Housing construction
Elias Tsapelas

On last week’s Politically Speaking podcast, State Treasurer Scott Fitzpatrick indicated the governor would stick to his pledge of not reviving the state’s low-income housing tax credit (LIHTC) program until it is reformed. This is welcome news, but now lawmakers need to decide what constitutes adequate reform.

As I’ve discussed before, there are many problems with Missouri’s LIHTC program. The LIHTC program doesn’t actually increase the amount of available affordable housing across the state, making it a bad investment for Missouri taxpayers. Last month, Fitzpatrick concurred and stated, “The long-term benefit of making some meaningful change to the program outweighs the short-term cost of there being a backlog of people wanting housing.”

During this past legislative session, both chambers separately passed measures intended to improve the program, though neither became law. Ideas for reform included allowing transferability of credits, improving the program’s transparency, and providing a cap on credits the state could authorize yearly. While each change would be an improvement, none of them address the program’s core issues.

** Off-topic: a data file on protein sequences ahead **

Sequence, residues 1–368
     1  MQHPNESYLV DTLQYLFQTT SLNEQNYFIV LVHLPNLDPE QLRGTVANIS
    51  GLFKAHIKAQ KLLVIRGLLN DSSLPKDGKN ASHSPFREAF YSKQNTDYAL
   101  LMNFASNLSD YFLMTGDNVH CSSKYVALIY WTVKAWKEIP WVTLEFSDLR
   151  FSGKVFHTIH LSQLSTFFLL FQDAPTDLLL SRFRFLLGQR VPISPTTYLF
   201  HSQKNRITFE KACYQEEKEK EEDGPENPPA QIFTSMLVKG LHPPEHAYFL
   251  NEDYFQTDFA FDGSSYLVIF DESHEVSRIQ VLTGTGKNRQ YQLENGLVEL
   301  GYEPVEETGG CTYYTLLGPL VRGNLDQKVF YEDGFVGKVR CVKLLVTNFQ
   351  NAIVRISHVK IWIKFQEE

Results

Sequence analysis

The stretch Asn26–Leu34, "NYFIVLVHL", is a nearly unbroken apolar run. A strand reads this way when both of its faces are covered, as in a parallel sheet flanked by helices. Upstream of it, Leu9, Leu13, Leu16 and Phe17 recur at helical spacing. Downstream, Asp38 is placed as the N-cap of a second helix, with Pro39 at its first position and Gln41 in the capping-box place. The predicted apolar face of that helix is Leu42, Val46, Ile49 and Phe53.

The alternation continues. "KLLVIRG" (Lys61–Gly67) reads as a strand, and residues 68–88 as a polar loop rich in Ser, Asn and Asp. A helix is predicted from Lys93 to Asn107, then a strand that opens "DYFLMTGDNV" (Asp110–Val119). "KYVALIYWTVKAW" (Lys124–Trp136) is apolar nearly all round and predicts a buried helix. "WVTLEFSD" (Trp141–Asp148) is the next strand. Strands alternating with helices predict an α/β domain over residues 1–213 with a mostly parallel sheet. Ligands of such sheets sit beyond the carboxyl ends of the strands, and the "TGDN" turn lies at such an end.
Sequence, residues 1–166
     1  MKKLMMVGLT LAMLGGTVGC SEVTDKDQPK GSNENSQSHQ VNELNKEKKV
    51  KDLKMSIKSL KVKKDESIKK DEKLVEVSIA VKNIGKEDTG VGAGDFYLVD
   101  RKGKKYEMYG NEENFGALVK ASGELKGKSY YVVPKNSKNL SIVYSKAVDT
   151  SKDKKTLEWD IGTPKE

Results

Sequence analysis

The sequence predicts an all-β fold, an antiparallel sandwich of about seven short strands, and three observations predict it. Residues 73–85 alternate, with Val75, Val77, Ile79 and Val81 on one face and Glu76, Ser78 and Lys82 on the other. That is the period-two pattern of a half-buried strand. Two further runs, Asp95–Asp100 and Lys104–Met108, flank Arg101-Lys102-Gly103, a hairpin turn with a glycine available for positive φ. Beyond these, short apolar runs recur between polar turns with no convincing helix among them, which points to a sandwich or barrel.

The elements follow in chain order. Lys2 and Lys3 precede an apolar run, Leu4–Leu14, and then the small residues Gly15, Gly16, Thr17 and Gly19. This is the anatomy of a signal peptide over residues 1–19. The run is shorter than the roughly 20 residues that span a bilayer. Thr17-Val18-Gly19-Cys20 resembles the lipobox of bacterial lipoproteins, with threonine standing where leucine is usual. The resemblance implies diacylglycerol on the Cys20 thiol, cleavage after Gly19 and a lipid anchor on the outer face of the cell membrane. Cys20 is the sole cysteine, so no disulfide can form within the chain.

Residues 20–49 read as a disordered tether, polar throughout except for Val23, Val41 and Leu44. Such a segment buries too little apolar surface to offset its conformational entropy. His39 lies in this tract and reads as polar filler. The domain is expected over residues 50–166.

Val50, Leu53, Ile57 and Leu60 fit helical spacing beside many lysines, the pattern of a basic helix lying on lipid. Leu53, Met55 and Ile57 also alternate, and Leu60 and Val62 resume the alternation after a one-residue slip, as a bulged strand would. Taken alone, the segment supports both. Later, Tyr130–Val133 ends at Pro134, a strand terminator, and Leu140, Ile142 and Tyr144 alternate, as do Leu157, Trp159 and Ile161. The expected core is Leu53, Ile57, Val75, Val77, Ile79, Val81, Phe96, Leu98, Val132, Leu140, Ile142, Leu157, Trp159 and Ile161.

Reviving a low-income housing program in which barely forty cents of each dollar actually goes toward building new housing for low-income individuals is simply not a good use of taxpayer dollars. Any effort to provide “meaningful change” to the program must address this glaring concern. For ideas on substantive reform, why don’t lawmakers begin by examining how other states have been able to do more for less?

Minor tweaks won’t make the LIHTC a good investment for Missouri. It is time for a major overhaul.


About the Author

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Elias Tsapelas
Senior Analyst

Elias Tsapelas earned his Master of Arts in Economics from the University of Missouri in 2016. His research interests include economic development, health policy, and budget-related issues.